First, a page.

9. "Environmental Defense Fund vs. William Ruckelhaus et al." U.S. Appellate Court for the District of Columbia. No. 23, 813. Washington: January 7, 1971.

10. Federal Environmental Pesticide Control Act of 1972 Amending F.I.F.R.A. P.L. 92-156. 92nd Congress. Washington: October 21, 1972.

11. Regulations for the Enforcement of F.I.F.R.A. Code of Federal Regulations. Title 40, Chapter 1, Part 162. (Federal Register of July 3, 1975 page 29268). Washington.

12. Secretary's Memorandum No. 1904. U.S.D.A. Participation in the National Pesticide Impact Assessment Program. U.S.D.A. Washington: October 19, 1976.

13. Amendments to Federal Insecticide, Fungicide, and Rodenticide Act. P.L. 94-140. 7 U.S. Code, Sec. 135-135k. 1975.

14. Memorandum of Understanding between U.S.D.A. and E.P.A. Washington: December 2, 1976.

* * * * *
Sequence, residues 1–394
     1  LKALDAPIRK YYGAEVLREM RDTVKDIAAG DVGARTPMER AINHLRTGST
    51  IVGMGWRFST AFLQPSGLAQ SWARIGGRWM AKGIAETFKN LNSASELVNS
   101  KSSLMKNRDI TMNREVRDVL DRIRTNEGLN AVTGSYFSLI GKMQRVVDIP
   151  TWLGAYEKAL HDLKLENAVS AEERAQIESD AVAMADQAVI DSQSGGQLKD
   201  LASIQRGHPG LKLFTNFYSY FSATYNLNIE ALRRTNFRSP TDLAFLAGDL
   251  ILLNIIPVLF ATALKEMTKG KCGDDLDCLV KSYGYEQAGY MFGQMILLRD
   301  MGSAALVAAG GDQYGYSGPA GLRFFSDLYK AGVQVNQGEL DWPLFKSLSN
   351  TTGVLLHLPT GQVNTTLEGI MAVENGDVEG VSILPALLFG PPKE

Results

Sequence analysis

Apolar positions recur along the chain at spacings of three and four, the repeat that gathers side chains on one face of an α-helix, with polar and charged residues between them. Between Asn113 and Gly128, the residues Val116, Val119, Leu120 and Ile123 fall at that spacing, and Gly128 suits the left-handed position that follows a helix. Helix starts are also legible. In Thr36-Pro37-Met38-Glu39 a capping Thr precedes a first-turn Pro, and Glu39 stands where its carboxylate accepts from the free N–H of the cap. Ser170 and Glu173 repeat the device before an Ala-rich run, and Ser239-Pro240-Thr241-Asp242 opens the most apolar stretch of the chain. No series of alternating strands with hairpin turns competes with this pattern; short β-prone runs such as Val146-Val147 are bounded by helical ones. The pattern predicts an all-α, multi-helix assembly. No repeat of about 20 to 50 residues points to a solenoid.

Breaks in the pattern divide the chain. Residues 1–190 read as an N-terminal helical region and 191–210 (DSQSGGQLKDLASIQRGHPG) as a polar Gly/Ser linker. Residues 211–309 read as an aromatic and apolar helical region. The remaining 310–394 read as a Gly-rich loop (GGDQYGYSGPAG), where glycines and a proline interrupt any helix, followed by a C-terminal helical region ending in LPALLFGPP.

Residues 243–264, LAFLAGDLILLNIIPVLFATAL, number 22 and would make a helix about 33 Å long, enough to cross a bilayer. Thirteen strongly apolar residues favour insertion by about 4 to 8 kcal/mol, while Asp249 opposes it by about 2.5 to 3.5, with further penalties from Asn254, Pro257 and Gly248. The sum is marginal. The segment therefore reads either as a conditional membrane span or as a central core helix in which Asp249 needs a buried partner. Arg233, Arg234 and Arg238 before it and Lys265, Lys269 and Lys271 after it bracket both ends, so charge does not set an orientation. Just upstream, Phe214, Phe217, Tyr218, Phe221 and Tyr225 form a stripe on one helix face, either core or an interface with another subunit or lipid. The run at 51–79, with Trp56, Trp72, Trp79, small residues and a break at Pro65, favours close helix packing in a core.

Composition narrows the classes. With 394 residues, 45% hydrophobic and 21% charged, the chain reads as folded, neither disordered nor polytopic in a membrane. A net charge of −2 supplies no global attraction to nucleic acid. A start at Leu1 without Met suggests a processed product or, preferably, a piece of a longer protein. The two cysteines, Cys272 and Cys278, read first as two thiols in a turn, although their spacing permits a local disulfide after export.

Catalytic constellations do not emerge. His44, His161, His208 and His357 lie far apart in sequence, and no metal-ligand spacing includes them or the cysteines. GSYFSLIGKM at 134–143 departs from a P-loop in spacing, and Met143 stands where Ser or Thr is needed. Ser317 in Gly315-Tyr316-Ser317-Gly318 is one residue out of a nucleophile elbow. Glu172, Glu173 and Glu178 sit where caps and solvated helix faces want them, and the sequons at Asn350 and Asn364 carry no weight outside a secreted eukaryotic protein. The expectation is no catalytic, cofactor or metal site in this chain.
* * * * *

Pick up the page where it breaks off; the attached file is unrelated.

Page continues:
15. Ragsdale, Nancy. Proceedings National Agricultural Pesticide Impact Assessment Workshop. page 9, Raleigh: February 26th and 27th, 1992.

16. Collier, Richard H. Proceedings, National Agricultural Pesticide Impact Workshop. page 50, Raleigh: February 26th and 27th, 1992.

17. U.S.D.A. U.S.D.A. Participation in a National Agricultural Pesticide Impact Assessment Program. Departmental Regulation No. 1904. Washington: March 7, 1983.

Direct questions concerning Tennessee's program to:

Darrell D. Hensley
University of Tennessee
Entomology and Plant Pathology
2431 Joe Johnson Drive, 205 PSB
Knoxville, TN 37996-4560
Phone 865-974-7958
Fax 865-974-8868
email = dhensley@utk.edu


Funding for the national network of Pest Management Centers was authorized by Section 406 of the Agricultural Research, Extension, and Education Reform Act of 1998. As the result of a second competitive process in 2003, four IPM Centers across the United States were again funded in FY 2003, with the Southern Region Center located at the NSF Center for IPM at North Carolina State University.